PARIS (AP) — Shoe hats, lobster dresses, and spiraling goggle glasses could easily be part of a closet inventory belonging to Lady Gaga.
But these objects were all spawned from the mind of another woman, who was born — incredibly — in 1890: the avant-garde Elsa Schiaparelli.
The house of the influential fashion designer, and hated rival of Coco Chanel, is being revived this fall, in one of the most highly anticipated fashion events of 2012 in Paris. There's been a flurry of activity this year, including actress Farida Khelfa being named as house ambassador.
If Schiaparelli is no longer a household name — her business folded in 1954, and she died in 1973 — her design firsts have certainly lived on: newspaper prints, exposed zippers, perfume bottles in the female form, shocking pink, and — arguably — the first woman's power suit.
"The house Schiaparelli is really the DNA of fashion," says Khelfa. "When you see the world of fashion across the century, you can see all the people she has inspired —all the great couturiers of the last century and this one."
The new house will, of course, inherit all the iconic house codes, but — lacking an artistic director and any clothes dating past 1954 — it surely must be one of the most curious fashion relaunches in recent times.
But why strike now?
"It feels like the right moment... and things are moving quickly," said Khelfa who added they've finally found a key piece of the puzzle in reacquiring the original showroom on the 21 Place Vendome, which will set the tone for the clothes production, expected next summer.
"It's really something to be in the very place of creation. We can imagine the boutique downstairs, with all the window displays made by (artist Salvador) Dali. ... In her day, there were three great women at Place Vendome: Schiaparelli, Madame Chanel and Madame Gres. Now we're back."
Inside the revamped showroom, Schiaparelli bigwigs have painstakingly recreated her surrealist universe. Original artifacts that artists designed for the Schiaparelli boutique are proudly on display. Across five salons, glittering gold columns by Alberto Giacometti, a powder compact in the shape of a telephone dial by Dali, a wacky colored carpet by Fernand Leger, spiraling metal glasses created by Man Ray.
Also featured is a "cabinet of curiosity" which featured the perfume Shocking — a reminder of why the Schiaparelli name became world renowned. A one-foot (30-centimeter) curved fuchsia perfume bottle stands provocatively in the shape of the bust of Hollywood sex symbol Mae West — a design echoed by designers such as Jean Paul Gaultier. "Shocking" was an adjective on high rotation in the Schiaparelli vocabulary. She invented a bright fuchsia hue — the now world famous "shocking pink" — that she chose as the house's signature color.
In 1948, according to company lore, a survey of Americans put Elsa Schiaparelli at the top of their list of most famous French people. But they still couldn't pronounce her name: the "Sch" is hard, as in "school."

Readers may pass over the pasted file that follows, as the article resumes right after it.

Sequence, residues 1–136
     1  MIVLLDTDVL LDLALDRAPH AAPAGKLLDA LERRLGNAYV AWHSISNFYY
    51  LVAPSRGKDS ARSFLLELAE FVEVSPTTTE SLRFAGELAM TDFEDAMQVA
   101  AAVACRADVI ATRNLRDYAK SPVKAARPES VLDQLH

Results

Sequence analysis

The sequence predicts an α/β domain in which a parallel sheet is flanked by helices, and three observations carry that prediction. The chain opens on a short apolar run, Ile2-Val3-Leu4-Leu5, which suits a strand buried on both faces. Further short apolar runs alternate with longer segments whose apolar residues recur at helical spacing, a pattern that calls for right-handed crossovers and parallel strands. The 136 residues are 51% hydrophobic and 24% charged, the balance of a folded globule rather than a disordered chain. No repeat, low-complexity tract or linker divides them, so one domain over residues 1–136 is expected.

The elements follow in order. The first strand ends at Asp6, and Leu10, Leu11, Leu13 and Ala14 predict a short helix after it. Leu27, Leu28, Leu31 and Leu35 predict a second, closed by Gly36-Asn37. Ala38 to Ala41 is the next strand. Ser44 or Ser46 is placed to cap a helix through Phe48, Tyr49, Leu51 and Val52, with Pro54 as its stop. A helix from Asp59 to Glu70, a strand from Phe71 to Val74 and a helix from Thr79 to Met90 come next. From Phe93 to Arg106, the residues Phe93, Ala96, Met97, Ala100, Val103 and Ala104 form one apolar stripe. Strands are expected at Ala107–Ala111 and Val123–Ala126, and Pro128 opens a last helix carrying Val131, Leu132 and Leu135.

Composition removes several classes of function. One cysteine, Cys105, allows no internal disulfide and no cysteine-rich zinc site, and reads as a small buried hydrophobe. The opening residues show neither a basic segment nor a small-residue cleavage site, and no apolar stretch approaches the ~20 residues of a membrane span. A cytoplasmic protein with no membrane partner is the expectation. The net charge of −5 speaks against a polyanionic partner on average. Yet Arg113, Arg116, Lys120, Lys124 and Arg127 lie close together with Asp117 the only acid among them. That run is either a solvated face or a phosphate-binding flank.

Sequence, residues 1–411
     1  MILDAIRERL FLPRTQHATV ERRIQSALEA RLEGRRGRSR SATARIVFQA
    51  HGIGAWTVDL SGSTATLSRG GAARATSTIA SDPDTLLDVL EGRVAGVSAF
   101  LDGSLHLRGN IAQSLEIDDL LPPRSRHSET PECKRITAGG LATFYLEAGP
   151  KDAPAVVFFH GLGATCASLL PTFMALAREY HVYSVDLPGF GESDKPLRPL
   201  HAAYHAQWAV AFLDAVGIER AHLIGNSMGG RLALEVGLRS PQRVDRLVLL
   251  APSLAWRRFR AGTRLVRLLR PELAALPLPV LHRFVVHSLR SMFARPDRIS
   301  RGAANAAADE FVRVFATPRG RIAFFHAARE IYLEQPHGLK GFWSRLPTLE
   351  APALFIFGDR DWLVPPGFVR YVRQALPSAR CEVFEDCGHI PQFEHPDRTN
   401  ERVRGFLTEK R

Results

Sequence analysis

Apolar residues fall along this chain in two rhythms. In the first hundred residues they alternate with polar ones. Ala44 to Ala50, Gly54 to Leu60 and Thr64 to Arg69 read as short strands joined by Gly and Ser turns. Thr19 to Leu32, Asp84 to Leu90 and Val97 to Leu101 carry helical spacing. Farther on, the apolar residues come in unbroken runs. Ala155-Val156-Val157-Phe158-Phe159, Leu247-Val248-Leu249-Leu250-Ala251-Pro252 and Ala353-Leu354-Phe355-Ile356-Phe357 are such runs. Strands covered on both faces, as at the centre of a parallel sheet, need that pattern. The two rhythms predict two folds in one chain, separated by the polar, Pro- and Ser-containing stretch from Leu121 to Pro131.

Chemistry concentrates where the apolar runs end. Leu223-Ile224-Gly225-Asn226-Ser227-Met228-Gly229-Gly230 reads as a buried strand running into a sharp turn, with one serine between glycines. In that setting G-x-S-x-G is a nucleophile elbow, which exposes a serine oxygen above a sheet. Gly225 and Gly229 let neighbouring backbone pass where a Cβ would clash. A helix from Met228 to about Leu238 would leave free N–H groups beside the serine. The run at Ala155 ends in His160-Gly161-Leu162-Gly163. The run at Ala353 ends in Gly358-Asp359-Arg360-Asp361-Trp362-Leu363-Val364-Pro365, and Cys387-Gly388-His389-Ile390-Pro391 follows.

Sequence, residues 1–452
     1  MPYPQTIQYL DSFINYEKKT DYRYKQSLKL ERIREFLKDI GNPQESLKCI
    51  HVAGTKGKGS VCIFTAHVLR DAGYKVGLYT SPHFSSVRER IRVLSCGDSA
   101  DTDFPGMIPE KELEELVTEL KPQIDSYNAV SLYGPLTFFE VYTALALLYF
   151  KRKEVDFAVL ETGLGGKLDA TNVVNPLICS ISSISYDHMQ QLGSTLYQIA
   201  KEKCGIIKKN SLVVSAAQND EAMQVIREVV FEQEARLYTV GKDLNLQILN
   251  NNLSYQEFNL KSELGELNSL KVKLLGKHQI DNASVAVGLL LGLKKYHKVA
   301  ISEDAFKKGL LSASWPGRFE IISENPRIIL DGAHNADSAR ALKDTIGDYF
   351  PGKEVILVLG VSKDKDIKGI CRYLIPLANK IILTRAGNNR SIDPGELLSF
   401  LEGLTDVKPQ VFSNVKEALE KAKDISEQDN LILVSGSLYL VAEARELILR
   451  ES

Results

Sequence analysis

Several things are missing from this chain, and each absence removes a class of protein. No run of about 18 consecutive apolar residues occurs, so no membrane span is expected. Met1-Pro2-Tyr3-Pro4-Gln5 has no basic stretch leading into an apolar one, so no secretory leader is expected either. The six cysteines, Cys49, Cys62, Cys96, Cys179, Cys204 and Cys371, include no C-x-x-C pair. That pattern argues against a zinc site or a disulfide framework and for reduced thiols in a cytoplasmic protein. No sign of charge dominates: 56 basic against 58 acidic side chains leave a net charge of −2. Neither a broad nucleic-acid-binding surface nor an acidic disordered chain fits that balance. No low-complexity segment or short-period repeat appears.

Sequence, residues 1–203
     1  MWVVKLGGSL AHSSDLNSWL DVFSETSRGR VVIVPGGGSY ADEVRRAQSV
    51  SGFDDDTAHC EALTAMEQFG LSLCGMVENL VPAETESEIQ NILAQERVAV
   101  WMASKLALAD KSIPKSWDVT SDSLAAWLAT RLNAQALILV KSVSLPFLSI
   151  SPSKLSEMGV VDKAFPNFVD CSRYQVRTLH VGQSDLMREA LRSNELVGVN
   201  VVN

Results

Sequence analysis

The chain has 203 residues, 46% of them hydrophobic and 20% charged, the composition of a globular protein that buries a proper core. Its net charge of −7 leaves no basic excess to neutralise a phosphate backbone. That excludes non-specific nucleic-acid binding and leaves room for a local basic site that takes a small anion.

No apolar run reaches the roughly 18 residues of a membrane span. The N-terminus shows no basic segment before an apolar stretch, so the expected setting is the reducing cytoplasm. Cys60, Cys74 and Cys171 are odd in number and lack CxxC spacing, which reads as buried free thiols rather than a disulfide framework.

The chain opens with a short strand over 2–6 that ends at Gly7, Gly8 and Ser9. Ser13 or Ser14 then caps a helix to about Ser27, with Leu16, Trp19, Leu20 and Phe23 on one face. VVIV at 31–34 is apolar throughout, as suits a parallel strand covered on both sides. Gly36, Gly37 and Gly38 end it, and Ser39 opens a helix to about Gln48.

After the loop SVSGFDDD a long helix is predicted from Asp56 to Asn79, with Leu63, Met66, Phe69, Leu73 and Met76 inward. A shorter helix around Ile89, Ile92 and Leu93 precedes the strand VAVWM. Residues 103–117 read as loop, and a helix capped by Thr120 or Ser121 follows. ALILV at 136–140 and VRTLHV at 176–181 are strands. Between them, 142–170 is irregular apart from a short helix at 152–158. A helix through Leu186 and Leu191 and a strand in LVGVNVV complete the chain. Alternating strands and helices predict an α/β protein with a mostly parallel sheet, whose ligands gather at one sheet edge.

A much-publicized exhibit at New York's Metropolitan Museum of Art in May, featuring Schiaparelli's dresses alongside modern Prada ones, introduced her melodic name to whole a new generation, but showed how avant-garde her designs remain.
People "had trouble seeing which was the dress from 1927 and which was from 2012," says Khelfa. "Often the 1927 ones looked more current! That's true avant-garde."
Paris-based fashion writer Rebecca Voight sees the launch as hugely promising. "She still has such an incredibly vibrant image and what a name. The people behind the launch are really in the know, so there's really no reason they'll get it wrong. The question is who will (the designer) be?"
The identity of the artistic director remains the biggest question mark.
The pressure for the launch to succeed may perhaps explain why there's still been no formal announcement, although it was scheduled for September.
Khelfa and Schiaparelli CEO Camilla Schiavone dismissed rumors that John Galliano might be in the running, but they both refused to reveal a short-list.
Schiavone tried to explain away the secrecy.
"The house was rebought in 2006. Now, we have the property. We've waited so long to get it right. We're not interested in running after someone. But you will know in the next three weeks or so. The first, what I call, ready-to-couture collection will probably be June 2013."
Ready-to-couture is a concept Schiavone hopes will keep the classy profile of the Schiaparelli name. Garments won't be available in boutiques but will be made-to-measure for select clients who are invited to the 21 Place Vendome for fittings. Though the house says the aim is to produce highly wearable clothes, the first collection will be shown during the Paris Haute Couture week — fittingly, alongside historic rival Chanel.
In their heyday, Coco Chanel dismissed Schiaparelli as "that Italian artist who makes clothes." Schiaparelli responded, equally cattily, calling Chanel "that milliner."
Fashion rivalries are in vogue at the moment. A highlight of this year's fashion calendar involves the media pitting the two new designers at Yves Saint Laurent and Christian Dior against each other.
So after 60 years does the Schiaparelli revival signal there'll once again be handbags at dawn on the Place Vendome?
"No! Chanel is Chanel. It remains Chanel," says Khelfa. She hesitates: "But Schiaparelli is coming!"
Thomas Adamson can be followed at http:/ /Twitter.com/ThomasAdamsonAP
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